U.K. Calls a “Brexit” on Pagers: Ban of the Pager
National Health Service’s (NHS) recent announcement on the ban of the pager represents great news for U.K. healthcare organizations and their practitioners. The ban not only represents a transformative move, it also showcases pagers’ lackluster performance in providing secure, clinical communications.
Now that pagers are making their way out of U.K. facilities, I’ll highlight what is known so far about this exciting move and what it means for the country’s physicians and nurses alike, as well as implications for U.S. healthcare.
Reducing Costs, Improving Patient Outcomes
According to a recent report, health secretary Matt Hancock, wants to phase out pager use in order to (1) cut costs and (2) improve clinical communications within U.K. facilities. This is welcome news for NHS hospitals, which use 130,000 paging devices that cost $8.73 million USD per year. Furthermore, the pager ban ensures that U.K. organizations save $3.57 million in annual expenses. So long wasteful, hefty spending!
Additionally, Hancock recognized that pagers only provide one-way communication, preventing care team collaboration from being effective and swift. That’s because one-way communication requires that physicians use another device (e.g., smartphone) to call a number to receive a critical message. Consequently, patient care becomes more difficult to provide, which in turn, prolongs a patient’s visit or stay.
So, when exactly will pagers become a thing of the past? In order to comply with Hancock’s regulations, U.K. hospitals and care facilities are required to discontinue their pager use within the next three years (i.e., before the end of 2021). In lieu of the pager, mobile devices with cheaper and more secure, pager replacement apps will be widely adopted and propagated within U.K. healthcare facilities.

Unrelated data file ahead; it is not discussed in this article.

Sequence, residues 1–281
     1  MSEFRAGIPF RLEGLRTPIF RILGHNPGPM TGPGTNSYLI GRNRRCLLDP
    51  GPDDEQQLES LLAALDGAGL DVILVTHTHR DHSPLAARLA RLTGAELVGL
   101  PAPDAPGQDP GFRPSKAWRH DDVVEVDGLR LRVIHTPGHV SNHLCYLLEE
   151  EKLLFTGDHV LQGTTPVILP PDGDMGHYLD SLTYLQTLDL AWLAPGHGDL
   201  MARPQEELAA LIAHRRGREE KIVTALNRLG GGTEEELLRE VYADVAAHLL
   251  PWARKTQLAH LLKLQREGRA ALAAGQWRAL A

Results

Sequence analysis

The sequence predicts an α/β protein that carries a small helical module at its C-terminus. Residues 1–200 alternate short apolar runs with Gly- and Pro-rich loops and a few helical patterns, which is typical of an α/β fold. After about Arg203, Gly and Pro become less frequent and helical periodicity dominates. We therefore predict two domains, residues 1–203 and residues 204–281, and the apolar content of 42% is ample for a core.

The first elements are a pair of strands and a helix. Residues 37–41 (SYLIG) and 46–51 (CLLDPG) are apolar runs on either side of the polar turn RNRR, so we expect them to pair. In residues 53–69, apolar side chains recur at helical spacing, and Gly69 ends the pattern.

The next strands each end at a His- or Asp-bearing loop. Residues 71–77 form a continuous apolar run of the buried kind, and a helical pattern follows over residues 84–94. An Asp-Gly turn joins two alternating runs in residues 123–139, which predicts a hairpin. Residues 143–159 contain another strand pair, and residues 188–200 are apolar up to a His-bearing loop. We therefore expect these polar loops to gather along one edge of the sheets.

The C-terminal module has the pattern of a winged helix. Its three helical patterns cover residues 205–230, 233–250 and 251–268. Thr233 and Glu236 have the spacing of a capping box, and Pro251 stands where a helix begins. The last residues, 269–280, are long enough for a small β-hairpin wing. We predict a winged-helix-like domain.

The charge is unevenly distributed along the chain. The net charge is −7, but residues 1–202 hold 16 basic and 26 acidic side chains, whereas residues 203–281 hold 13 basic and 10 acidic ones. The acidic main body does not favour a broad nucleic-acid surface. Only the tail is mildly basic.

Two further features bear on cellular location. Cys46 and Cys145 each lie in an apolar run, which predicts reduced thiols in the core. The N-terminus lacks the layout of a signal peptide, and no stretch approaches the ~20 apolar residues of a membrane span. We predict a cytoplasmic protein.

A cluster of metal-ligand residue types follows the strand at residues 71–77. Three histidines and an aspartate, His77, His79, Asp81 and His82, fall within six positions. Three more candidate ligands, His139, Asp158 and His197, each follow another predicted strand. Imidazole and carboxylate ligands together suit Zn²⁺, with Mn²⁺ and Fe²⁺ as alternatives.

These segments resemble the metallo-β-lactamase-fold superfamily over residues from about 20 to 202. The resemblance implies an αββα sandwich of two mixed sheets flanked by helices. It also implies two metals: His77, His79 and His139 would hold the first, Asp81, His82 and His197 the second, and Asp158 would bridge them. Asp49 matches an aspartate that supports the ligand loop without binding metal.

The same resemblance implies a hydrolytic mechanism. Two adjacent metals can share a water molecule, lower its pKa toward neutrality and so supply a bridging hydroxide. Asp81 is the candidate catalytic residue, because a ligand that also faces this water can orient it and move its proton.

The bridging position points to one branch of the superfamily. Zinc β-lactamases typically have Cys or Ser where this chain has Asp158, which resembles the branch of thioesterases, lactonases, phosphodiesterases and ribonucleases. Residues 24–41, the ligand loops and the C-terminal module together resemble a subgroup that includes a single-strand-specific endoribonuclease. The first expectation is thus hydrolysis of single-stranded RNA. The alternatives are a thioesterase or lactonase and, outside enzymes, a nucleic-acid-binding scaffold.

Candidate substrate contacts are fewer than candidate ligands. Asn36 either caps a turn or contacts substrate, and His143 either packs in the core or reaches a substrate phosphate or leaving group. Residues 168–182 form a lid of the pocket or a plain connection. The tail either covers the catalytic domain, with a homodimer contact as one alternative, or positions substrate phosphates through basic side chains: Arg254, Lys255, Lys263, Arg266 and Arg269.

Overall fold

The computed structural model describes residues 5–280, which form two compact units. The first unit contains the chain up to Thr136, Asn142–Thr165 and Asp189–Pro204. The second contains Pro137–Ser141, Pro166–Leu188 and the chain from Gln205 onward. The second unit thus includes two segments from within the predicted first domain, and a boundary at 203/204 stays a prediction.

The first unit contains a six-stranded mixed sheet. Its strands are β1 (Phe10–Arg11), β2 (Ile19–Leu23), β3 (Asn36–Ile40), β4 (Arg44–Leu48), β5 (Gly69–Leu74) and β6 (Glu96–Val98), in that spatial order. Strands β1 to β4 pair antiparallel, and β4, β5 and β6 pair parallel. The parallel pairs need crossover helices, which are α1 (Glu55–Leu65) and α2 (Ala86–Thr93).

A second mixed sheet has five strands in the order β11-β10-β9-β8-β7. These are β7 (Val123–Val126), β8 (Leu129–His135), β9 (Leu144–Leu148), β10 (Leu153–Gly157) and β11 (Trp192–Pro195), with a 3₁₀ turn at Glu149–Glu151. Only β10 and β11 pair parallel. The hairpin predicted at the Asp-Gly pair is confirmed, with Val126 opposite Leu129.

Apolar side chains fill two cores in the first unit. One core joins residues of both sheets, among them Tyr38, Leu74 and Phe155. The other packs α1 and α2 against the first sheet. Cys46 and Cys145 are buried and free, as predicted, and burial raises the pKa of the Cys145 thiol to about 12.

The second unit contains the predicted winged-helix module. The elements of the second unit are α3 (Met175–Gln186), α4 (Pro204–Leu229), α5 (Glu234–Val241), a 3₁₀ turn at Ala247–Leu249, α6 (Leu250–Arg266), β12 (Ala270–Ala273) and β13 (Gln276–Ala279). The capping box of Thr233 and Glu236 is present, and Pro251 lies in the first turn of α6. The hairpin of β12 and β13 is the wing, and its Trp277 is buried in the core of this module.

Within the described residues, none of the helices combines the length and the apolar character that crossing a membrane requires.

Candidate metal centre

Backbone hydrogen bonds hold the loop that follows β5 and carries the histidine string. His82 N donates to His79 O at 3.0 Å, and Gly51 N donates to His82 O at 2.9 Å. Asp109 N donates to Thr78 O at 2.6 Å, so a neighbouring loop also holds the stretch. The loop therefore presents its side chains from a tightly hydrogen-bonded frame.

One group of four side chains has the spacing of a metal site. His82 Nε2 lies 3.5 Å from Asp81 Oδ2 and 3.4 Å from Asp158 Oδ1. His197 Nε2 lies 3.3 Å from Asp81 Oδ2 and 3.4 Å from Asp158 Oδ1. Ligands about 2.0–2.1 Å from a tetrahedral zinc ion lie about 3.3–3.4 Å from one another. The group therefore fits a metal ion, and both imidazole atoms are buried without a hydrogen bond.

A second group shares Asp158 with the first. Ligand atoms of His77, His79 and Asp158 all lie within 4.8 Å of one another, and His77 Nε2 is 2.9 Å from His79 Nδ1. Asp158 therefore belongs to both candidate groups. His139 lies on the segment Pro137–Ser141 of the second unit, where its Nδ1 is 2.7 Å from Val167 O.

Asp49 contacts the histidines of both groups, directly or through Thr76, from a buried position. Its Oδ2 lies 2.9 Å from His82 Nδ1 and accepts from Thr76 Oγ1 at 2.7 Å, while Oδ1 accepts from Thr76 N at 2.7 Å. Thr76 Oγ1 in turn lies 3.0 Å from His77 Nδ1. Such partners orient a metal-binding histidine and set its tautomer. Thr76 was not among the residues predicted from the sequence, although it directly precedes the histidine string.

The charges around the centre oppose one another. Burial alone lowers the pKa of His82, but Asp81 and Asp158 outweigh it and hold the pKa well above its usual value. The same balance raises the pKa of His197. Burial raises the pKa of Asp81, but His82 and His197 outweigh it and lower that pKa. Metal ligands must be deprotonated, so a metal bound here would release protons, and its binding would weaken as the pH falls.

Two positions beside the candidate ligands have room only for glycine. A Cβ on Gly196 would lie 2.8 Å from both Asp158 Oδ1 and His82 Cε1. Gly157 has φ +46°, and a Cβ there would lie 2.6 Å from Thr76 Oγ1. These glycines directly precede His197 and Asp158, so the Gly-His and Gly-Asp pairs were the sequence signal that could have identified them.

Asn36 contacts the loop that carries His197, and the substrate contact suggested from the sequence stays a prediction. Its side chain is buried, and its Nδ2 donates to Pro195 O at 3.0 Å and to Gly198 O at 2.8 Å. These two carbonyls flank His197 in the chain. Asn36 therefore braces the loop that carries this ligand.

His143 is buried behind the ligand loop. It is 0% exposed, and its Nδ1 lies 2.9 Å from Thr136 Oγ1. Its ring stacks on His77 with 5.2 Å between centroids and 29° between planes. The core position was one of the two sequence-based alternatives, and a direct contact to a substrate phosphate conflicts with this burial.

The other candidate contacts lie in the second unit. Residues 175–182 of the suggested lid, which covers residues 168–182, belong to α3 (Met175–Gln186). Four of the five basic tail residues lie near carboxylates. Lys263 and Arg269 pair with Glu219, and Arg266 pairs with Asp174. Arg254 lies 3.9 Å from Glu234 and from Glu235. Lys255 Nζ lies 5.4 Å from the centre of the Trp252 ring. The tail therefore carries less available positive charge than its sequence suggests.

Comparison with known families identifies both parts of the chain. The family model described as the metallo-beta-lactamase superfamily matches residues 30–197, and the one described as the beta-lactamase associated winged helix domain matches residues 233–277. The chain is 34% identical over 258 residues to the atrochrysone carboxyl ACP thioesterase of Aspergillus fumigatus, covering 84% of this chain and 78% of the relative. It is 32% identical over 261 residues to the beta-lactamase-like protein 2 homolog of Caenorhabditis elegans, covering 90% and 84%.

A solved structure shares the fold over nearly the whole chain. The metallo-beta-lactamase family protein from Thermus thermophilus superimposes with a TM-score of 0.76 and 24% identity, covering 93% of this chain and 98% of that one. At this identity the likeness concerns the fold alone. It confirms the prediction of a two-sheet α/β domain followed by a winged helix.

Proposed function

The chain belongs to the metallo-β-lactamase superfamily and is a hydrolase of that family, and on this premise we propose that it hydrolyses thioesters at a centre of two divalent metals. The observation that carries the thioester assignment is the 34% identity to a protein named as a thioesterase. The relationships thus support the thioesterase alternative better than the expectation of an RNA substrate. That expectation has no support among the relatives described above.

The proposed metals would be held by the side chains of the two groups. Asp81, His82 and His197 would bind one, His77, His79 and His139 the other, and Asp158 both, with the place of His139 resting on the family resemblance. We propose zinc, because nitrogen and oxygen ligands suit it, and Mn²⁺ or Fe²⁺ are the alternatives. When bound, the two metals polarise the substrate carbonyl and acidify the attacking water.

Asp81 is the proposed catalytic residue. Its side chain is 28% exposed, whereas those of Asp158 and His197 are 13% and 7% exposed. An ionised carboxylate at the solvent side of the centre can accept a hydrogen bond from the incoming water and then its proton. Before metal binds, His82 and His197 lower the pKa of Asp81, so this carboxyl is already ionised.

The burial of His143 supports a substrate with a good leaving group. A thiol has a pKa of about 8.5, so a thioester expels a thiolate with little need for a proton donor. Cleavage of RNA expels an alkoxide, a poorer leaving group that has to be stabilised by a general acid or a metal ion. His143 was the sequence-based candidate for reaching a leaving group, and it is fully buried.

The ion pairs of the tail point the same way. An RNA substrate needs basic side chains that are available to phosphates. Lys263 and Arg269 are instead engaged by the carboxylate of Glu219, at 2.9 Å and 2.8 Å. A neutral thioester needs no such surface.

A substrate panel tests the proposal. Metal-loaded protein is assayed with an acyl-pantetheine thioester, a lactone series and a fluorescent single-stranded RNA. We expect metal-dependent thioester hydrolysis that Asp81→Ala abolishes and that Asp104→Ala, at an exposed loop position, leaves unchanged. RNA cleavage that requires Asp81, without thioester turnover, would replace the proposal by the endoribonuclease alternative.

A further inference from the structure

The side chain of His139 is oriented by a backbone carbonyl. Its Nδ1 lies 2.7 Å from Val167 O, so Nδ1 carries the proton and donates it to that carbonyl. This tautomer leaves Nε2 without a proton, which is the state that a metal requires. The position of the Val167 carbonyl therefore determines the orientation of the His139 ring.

Following in Japan’s Footsteps
Though the U.K. made headlines with its pager ban announcement, it’s not the only country dismissing paging systems from their clinical communication duties. At the end of last year, it was reported that Japan’s final pager service is ceasing its operations by September 2019—in only six months!
This, of course, was due to a lack of demand for paging systems and their technologies. Following this announcement, Japan will further revolutionize its clinical communications by replacing pagers with mobile devices. In this way, Japanese hospitals can advance and perfect their cybersecurity practices and operations.
Benefits of Mobile Pager Replacement Apps
By breaking up with the pager, not only are the U.K. and Japan ending a long-term dysfunctional relationship, but they are also moving on to better things by getting together with a secure, pager replacement solution.
Pager replacement apps provide capabilities that make pagers easy to forget and move on from. For instance, a powerful, pager replacement solution such as OnPage, allows U.K. and Japanese healthcare facilities to benefit from:
- SSL encrypted messaging for enhanced communication security
- A sign-on process to grant access only to authorized users
- Real-time message statuses (e.g., delivery, read receipts and time stamps) for more transparent and quicker team collaboration
- Two-way messaging with contextual attachments (i.e., images and voice memos) to convey more information for better decision-making
- Remote wipe capabilities to delete sensitive patient data and records when a staff member leaves the healthcare organization or loses his smartphone
- Predetermined groups and escalations to streamline care team workflows
- Cellular and Wi-Fi coverage, ensuring that pages are always received regardless of a physician’s current location
Today’s pager replacement apps create a sense of urgency, ensuring that high-priority notifications are always heard and addressed. Unlike the antiquated pager and other legacy communication tools, paging apps get rid of frustrating phone tag-based conversations, guaranteeing that U.K. and Japanese healthcare facilities provide the best possible care for patients during life or death situations.
It’s not a question of whether or not mobile, pager replacement apps should be adopted. Instead, the question should be when’s the earliest that these apps can be embraced and used within a hospital complex.